Remembering the fallen ...

For the past few days {and through Sunday} a traveling replica of the Vietnam Veterans Memorial, "Cost of Freedom," has been in Logan. It is a scaled-down replica of the monument in Washington, DC.

I have had the opportunity to attend the real monument in Washington, DC.

Vietnam Memorial in Washington, DC - July 2009
And  I was very interested in seeing the replica.

I am not quite sure what I was expecting. But every bit of reverence I felt at the actual monument in DC was felt at the traveling memorial here in Logan.

The lawn was adorned with American flags.

I do not know any of the 58,264 people whose names appear on the wall.

It is sometimes difficult to understand the magnitude and devastation of the lives lost, as a number can just be unfathomable. Seeing name after name puts it a little more in perspective.

Also, the stories my father has told me.

My dad graduated high school in 1968. Upon graduation he had two things he wanted to accomplish. He wanted to be able to run track and field at Utah State, for which he had received a scholarship. He also wanted to serve a mission for the Church of Jesus Christ of Latter-day Saints.

Due to the war, each ward was only allowed to have two missionaries out from their boundaries at any given time. Most wards did a raffle of sorts, drawing two names out of all the valiant young men who wanted to serve the Lord. Interestingly enough, not many young men wanted to serve from my dad's ward, so he was allowed to go without having to test his luck with the raffle.

While he was serving a mission in Arizona the draft lottery for the war came into place. My dad can remember picking up a paper while on his mission, as all the missionaries were allowed to see where they fell into place in the draft.

With the draft, each day of the year was randomly drawn out of the lottery. So when September 14th was chosen first all the men born on September 14th, were the first to be drafted. This process continued through all the days of the year {the last day chosen was June 8th}. The longer it took for your birth date to be drawn out of the lottery, the better chance you had of not being drafted.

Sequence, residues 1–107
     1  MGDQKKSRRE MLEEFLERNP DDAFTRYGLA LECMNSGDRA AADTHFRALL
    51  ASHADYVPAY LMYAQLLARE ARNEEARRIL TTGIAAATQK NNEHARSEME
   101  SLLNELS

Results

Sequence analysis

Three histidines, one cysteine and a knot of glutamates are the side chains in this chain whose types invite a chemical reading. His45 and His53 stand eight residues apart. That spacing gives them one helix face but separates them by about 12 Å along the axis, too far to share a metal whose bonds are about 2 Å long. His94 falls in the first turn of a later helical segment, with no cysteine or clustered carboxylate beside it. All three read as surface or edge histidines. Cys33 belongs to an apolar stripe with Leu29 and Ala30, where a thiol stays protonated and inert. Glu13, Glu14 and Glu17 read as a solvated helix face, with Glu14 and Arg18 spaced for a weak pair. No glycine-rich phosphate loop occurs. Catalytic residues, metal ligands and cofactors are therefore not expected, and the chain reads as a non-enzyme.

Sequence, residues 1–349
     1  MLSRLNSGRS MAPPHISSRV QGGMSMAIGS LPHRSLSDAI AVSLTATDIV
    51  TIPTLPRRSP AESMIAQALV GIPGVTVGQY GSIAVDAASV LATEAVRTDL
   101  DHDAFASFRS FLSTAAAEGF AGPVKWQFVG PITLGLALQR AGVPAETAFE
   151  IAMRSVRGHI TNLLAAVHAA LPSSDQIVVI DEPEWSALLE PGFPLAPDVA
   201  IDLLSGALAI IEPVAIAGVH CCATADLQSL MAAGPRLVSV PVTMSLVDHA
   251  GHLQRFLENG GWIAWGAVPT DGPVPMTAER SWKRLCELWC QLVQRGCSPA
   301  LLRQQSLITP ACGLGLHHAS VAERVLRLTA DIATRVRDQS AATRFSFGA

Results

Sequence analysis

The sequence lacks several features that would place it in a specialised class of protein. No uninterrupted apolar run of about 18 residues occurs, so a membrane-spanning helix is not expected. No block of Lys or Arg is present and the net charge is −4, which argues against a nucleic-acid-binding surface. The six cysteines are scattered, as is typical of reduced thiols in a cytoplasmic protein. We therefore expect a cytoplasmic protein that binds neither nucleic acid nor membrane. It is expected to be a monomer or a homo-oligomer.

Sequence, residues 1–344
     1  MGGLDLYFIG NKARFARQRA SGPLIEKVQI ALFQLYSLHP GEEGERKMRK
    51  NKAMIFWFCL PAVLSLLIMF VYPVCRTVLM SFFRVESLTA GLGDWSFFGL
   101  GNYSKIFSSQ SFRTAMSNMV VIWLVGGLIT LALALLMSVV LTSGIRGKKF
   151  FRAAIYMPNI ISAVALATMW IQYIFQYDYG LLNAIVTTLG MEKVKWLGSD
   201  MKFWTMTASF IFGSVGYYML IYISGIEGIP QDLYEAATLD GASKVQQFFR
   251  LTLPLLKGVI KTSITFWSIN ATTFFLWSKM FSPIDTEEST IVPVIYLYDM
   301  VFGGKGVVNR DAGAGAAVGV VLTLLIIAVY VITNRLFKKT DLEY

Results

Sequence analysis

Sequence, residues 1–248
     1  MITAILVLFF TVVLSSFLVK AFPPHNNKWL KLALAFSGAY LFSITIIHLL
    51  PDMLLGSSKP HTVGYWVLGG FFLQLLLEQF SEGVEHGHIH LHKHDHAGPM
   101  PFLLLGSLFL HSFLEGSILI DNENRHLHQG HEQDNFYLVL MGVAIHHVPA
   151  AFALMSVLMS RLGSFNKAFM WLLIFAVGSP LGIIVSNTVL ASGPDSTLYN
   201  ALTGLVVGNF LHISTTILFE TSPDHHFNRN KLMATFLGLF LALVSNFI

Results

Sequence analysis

My dad remembers his birth date was #143 in the draft lottery. He knew he would be able to return home and finish competing for Utah State without having to serve in the war.

His brother was not so lucky.

My father recalls the family dropping my uncle off at the Greyhound bus station in Logan. And even now, forty years later, tears begin to stream down his face as he says, "Dennis stepped onto the bus and turned back to us and said, 'You will never see me alive again.'"

"That was the reality of that moment," my father continued. His family genuinely thought that would be the last time they saw their son and brother.

23 of those men that loaded that bus with my uncle that day returned to the United States in a coffin.

My uncle was fortunate though. While in basic training in Texas he was tested at genius IQ levels, which resulted in the military not sending him to Vietnam. Instead, for his two year service, he remained in Texas doing other assignments from the military.

My father tells of how when the two years were up my uncle couldn't get in his car fast enough to drive back to Utah - to drive back home.

There were also memorials to be seen for every war. And the most touching experience I had while there took place at the memorial for the victims at Fort Hood. There were pictures of those who had lost their lives. And taped to the corner of one of the photos was a handwritten note that read, "I miss you with every breath of my heart. Love, Dad."

A father aching for the son he lost who diligently served in our military for your freedom - and mine.

May we remember always that freedom is not free. It has been paid with a price of the lives of hundreds of thousands ... who are sons, daughters, brothers, sisters, friends whom for their loved ones miss with every breath of their hearts.

My gratitude for their ultimate sacrifice knows no bounds and has no conclusion.

P.s. Claire took most of these photos. All but two.


michelle said...

*shiver* Wow, Mindy. That was beautiful. Thanks for sharing.

Krystal said...

amazing... wow... I am speechless right now!

Shan said...

Thank you Mindy for such an amazing post!

Erica said...

What a wonderful post, Mindy. Thank you.

Related Posts Plugin for WordPress, Blogger...